Toward Integrating Computational Models and Legal Texts
February 6, 2014 12:45pm - 2:00pm
CodeX Speaker Series with
Kevin D. Ashley, University of Pittsburgh School of Law, Learning Research and Development Center, and Intelligent Systems Program
This talk will survey some techniques and prospects for enabling computational models of legal reasoning to work directly and automatically with legal texts to perform legal problem-solving tasks. For example, users of commercial legal information retrieval (IR) systems often want to retrieve not merely sentences with highlighted terms, but arguments and argument-related information, that is, argument retrieval (AR). The talk will illustrate how argument-relevant information could be extracted and applied to retrieve arguments from legal decisions. A second example involves techniques for annotating state statutory texts in a particular domain (dealing with public health emergencies), both manually and using machine learning, so that policy analysts can compare states’ regulatory schemes using network analysis. Related AI and Law work on information extraction from cases and statutes will be highlighted.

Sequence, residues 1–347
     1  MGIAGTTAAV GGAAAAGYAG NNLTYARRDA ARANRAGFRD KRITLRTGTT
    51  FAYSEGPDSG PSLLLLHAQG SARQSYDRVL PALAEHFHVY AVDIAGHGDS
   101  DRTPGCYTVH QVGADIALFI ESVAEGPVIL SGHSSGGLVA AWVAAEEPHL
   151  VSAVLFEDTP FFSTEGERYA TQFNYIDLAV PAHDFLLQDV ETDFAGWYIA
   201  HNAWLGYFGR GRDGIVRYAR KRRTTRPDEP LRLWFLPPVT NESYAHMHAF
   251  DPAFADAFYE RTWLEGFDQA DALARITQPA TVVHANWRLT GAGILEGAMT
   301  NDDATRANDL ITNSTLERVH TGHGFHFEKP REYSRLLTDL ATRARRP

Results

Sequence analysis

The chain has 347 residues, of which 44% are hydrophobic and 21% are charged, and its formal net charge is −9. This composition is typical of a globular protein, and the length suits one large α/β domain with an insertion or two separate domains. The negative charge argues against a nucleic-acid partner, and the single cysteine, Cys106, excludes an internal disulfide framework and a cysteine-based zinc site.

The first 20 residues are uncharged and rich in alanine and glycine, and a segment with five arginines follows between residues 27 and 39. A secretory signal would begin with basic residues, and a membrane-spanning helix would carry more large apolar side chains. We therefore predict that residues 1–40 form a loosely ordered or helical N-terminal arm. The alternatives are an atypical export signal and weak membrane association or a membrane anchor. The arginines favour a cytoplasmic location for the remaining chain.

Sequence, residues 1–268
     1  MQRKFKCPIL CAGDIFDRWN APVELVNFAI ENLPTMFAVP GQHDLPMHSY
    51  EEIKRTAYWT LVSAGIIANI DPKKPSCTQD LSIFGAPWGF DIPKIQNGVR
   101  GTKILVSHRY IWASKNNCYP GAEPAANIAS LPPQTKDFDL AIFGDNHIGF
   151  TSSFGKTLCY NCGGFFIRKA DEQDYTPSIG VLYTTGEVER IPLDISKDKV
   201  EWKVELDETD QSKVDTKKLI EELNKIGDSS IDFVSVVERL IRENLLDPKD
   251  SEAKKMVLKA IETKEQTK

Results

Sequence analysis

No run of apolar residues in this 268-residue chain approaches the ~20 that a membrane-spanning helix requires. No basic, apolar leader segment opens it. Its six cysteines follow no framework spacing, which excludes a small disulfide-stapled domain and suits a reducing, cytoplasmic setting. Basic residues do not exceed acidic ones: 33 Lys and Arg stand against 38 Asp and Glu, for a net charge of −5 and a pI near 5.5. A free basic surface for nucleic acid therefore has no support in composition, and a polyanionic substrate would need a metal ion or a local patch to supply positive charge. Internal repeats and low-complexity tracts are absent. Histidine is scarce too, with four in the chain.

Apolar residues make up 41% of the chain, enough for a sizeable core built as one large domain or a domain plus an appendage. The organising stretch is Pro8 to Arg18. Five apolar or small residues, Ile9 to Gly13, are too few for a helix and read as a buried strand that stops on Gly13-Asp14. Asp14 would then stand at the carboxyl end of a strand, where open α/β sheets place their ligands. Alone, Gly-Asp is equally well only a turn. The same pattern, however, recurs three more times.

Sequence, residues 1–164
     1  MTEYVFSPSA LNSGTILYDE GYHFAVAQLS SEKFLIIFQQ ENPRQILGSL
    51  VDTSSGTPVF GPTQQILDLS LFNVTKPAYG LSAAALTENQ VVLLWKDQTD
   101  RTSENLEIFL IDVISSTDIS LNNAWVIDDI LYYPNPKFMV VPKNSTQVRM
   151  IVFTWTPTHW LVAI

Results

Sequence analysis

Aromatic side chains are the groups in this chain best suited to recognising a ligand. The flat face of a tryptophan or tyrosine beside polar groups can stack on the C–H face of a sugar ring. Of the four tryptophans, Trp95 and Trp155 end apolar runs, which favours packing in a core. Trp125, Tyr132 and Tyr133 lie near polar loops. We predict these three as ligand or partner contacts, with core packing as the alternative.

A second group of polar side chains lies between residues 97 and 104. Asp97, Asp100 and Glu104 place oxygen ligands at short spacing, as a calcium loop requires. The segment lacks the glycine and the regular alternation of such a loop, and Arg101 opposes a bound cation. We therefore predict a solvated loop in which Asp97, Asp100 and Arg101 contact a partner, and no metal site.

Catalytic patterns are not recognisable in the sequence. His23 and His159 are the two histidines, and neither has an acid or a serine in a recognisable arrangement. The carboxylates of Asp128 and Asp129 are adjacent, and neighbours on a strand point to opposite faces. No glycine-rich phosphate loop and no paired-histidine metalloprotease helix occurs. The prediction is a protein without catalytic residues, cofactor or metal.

About the Speaker:
Dr. Kevin Ashley is a faculty member of the Graduate Program in Intelligent Systems at the University of Pittsburgh, a Senior Scientist at the Learning Research and Development Center, a Professor of Law, and Adjunct Professor of Computer Science. He received a B.A. from Princeton University, J.D. from Harvard Law School and Ph.D. in computer science from the University of Massachusetts. He was a visiting scientist at the IBM Thomas J. Watson Research Center, is a Fellow of the American Association for Artificial Intelligence, and serves as a co-Editor-in-Chief of the journal, Artificial Intelligence and the Law. An expert on computer modeling of legal reasoning, his research has focused on building computational models of legal and ethical reasoning with cases and examples. Professor Ashley is the author of Modeling Legal Argument: Reasoning with Cases and Hypotheticals (1990). His goals are to improve legal information retrieval by leveraging computational models of case-based reasoning and argumentation to support interpretation of legal texts and create intelligent tutoring systems for law students. His NSF-funded ArgumentPeer project combines computer-supported argument diagramming and peer review to improve students’ skills of written legal argument.